Time to Sell: More Properties Hit the Market

Time to Sell: More Properties Hit the Market

The voracious appetite of investors for more commercial real estate has certainly dominated headlines in recent years. But that strong demand and favorable pricing is also accelerating disposition strategies among some owners.

If sales activity is any indication, than there are certainly more owners liquidating commercial real estate assets. During 2014, property sales rose 17 percent to $423 billion, according to data from Real Capital Analytics (RCA), a New York City-based research firm. “We are starting to see more portfolios and pooled transactions from our clients across all property sectors, but in particular office and multifamily,” says Matthew D. Lawton, executive managing director in the Chicago office of HFF, a commercial real estate capital intermediary. Year-to-date transactions through February across all property types are up roughly 55 percent year-over-year, adds Lawton.

“A combination of demand and limited additional supply on the market, coupled with the low interest rate environment that we are in, has really created a good environment to be a seller of real estate right now,” says Nick Anthony, chief investment officer at diversified REIT Duke Realty Corp. That has certainly been the case for Duke. The REIT sold about $1.5 billion in assets in 2013 and 2014, and the company expects to sell another $1.6 billion this year.

Since 2009, Duke has been working to reposition its portfolio to be more focused on industrial assets. Industrial real estate is less capital intensive and it generates a good income stream, which fits the REIT model very well, says Anthony.

The vast majority of dispositions for the REIT in the last few years have focused on its suburban office properties. For example, Duke is currently under agreement to sell a $1.1 billion office portfolio consisting of 52 properties and 6.9 million sq. ft. of space to Starwood. The deal will close in the second quarter. The portfolio includes Duke’s remaining office properties in four specific markets—South Florida, Raleigh, N.C., St. Louis and Nashville, Tenn.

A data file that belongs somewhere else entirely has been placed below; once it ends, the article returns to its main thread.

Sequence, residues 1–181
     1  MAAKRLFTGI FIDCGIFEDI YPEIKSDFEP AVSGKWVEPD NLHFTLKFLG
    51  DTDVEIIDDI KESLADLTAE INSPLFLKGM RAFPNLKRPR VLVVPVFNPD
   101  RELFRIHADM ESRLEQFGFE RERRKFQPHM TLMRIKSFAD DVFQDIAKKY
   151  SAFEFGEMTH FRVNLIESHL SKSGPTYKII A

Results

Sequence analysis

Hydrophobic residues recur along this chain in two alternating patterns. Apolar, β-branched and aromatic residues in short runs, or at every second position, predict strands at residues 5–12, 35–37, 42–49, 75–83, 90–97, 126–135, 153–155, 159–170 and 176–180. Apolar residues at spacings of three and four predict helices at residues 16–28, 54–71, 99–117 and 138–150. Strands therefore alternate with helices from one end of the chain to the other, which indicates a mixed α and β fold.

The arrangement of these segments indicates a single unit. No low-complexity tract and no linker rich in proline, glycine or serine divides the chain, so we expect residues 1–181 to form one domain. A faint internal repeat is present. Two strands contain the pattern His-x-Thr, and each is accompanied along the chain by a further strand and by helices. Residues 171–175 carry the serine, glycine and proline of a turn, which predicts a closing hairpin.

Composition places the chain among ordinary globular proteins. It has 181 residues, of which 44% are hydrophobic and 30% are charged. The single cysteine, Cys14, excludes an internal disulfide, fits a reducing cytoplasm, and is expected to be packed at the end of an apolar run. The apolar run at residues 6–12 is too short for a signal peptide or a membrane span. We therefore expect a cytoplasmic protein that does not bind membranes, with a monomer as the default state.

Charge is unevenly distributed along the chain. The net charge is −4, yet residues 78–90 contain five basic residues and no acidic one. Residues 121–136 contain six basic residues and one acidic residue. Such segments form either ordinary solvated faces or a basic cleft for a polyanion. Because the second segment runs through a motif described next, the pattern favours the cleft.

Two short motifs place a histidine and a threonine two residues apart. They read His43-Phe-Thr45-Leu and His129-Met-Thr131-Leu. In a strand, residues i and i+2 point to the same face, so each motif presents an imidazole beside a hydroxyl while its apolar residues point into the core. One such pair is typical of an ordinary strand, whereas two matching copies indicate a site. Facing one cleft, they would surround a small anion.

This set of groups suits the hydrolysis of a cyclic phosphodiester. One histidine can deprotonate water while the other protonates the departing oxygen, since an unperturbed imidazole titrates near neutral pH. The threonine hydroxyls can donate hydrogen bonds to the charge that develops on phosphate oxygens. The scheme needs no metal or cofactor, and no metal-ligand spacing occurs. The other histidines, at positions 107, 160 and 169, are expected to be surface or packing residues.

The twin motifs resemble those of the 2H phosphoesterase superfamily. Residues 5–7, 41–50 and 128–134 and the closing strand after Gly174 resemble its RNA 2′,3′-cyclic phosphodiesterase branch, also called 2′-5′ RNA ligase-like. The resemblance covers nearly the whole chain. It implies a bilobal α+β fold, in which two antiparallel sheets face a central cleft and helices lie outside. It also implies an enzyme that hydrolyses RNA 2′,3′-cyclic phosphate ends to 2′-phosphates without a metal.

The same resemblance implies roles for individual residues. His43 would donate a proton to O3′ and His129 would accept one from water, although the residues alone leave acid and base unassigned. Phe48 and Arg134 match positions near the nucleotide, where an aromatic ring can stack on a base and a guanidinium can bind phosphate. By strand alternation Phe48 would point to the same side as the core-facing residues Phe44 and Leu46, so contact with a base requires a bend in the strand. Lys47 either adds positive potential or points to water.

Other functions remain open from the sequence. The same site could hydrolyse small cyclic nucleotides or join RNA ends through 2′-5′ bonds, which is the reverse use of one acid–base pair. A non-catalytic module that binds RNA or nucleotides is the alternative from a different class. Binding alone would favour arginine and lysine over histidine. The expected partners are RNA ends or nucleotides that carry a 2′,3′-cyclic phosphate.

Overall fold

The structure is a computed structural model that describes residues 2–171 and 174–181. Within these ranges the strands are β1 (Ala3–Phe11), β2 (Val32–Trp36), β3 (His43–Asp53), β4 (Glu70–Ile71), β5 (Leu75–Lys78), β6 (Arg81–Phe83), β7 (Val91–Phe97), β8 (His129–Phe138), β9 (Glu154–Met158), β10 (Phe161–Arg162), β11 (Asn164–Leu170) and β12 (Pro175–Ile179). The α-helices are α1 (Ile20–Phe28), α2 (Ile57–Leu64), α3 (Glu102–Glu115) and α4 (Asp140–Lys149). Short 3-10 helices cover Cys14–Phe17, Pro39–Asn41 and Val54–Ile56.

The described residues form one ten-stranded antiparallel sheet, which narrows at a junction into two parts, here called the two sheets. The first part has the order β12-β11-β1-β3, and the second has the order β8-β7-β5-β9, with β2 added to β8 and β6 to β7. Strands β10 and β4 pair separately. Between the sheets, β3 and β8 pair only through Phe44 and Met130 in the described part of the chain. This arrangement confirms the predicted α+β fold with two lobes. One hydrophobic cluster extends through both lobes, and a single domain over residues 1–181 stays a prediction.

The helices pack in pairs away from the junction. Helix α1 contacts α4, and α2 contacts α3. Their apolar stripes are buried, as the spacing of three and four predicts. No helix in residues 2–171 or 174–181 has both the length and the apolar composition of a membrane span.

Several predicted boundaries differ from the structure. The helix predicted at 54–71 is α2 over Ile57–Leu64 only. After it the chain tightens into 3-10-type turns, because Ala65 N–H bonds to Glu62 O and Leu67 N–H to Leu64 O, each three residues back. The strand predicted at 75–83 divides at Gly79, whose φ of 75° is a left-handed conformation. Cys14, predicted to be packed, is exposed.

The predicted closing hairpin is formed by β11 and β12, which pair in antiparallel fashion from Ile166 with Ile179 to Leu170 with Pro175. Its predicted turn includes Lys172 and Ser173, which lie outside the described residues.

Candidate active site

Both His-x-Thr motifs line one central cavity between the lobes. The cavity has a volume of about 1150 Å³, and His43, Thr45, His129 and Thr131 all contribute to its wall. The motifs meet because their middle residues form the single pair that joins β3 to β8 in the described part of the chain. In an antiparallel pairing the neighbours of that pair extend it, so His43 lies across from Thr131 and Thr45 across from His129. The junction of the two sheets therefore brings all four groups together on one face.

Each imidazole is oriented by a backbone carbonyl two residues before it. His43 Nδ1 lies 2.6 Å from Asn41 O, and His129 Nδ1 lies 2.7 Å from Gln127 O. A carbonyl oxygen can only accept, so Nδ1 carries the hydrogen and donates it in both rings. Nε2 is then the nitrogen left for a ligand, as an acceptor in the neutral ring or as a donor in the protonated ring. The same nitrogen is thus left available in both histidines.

It is no coincidence that Duke’s dispositions have spiked along with returning investor appetite for suburban office properties. Although it varies by product type and location, the REIT is seeing good pricing from a very robust pool of bidders. For example, Duke had a portfolio of suburban office properties on the market in St. Louis last year that drew 13 bidders. “It was a very strong bidding pool, and the top six bids were all within a couple percentage points of each other,” notes Anthony.

The pool of active sellers in the market runs the gamut from publicly-traded REITs and institutions to private equity funds, non-traded REITs and value-add investors. These sellers are motivated by an equally wide variety of strategies. Some are cashing in on rising values to generate gains, some are looking to raise capital to pay down debt or fund new investments, while others, like Duke, are taking advantage of strong demand and pricing to re-shape portfolios.

Sales range from owners culling one or two properties from portfolios to larger mega-portfolio transactions. For example, Clarion Partners purchased the Gables Residential portfolio in the first quarter for more than $3 billion. Another major deal currently under contract is Blackstone’s purchase of an apartment portfolio from the Praedium Group, which is expected to sell for $1.7 billion.

“There are a half dozen other large portfolios currently pricing in the market as we speak,” says Lawton. Sellers have an added incentive to sell off bigger packages of properties as portfolio transactions tend to generate 5 to 7 percent pricing premiums, he adds.

“I think you are seeing a little more of an acceleration of selling as we progress through the cycle, because people aren’t sure how long we are going to be in this favorable environment,” says Anthony. For Duke, its dispositions will likely peak this year, largely because the company has already disposed of the bulk of its suburban office assets. In 2009, about 55 percent of Duke’s portfolio consisted of suburban office properties. By the end of 2015, suburban office will likely represent less than 10 percent of its total portfolio, notes Anthony.

The company is redeploying a big chunk of the capital from dispositions back into its development pipeline. The REIT has about a $500 million in development projects that involve mainly bulk industrial properties, as well as some medical office space. Duke is also using the capital to de-lever its balance sheet. “We will always be looking to recycle product to improve the overall quality of our portfolio. But we will not be doing it at the level of the last three years.”

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